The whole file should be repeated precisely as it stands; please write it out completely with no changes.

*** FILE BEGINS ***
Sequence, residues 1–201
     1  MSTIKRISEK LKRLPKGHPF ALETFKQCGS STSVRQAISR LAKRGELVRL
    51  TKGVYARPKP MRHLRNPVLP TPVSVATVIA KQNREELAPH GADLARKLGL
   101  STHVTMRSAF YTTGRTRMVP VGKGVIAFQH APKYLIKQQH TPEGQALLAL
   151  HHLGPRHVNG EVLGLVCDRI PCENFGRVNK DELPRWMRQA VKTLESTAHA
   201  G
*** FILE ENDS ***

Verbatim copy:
Sequence, residues 1–201
     1  MSTIKRISEK LKRLPKGHPF ALETFKQCGS STSVRQAISR LAKRGELVRL
    51  TKGVYARPKP MRHLRNPVLP TPVSVATVIA KQNREELAPH GADLARKLGL
   101  STHVTMRSAF YTTGRTRMVP VGKGVIAFQH APKYLIKQQH TPEGQALLAL
   151  HHLGPRHVNG EVLGLVCDRI PCENFGRVNK DELPRWMRQA VKTLESTAHA
   201  G